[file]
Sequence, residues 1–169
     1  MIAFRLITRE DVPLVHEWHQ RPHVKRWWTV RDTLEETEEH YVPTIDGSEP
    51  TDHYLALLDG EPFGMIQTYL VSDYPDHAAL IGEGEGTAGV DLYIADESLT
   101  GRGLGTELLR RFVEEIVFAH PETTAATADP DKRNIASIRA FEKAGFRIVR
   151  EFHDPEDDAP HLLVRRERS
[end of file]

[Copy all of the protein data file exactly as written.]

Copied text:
Sequence, residues 1–169
     1  MIAFRLITRE DVPLVHEWHQ RPHVKRWWTV RDTLEETEEH YVPTIDGSEP
    51  TDHYLALLDG EPFGMIQTYL VSDYPDHAAL IGEGEGTAGV DLYIADESLT
   101  GRGLGTELLR RFVEEIVFAH PETTAATADP DKRNIASIRA FEKAGFRIVR
   151  EFHDPEDDAP HLLVRRERS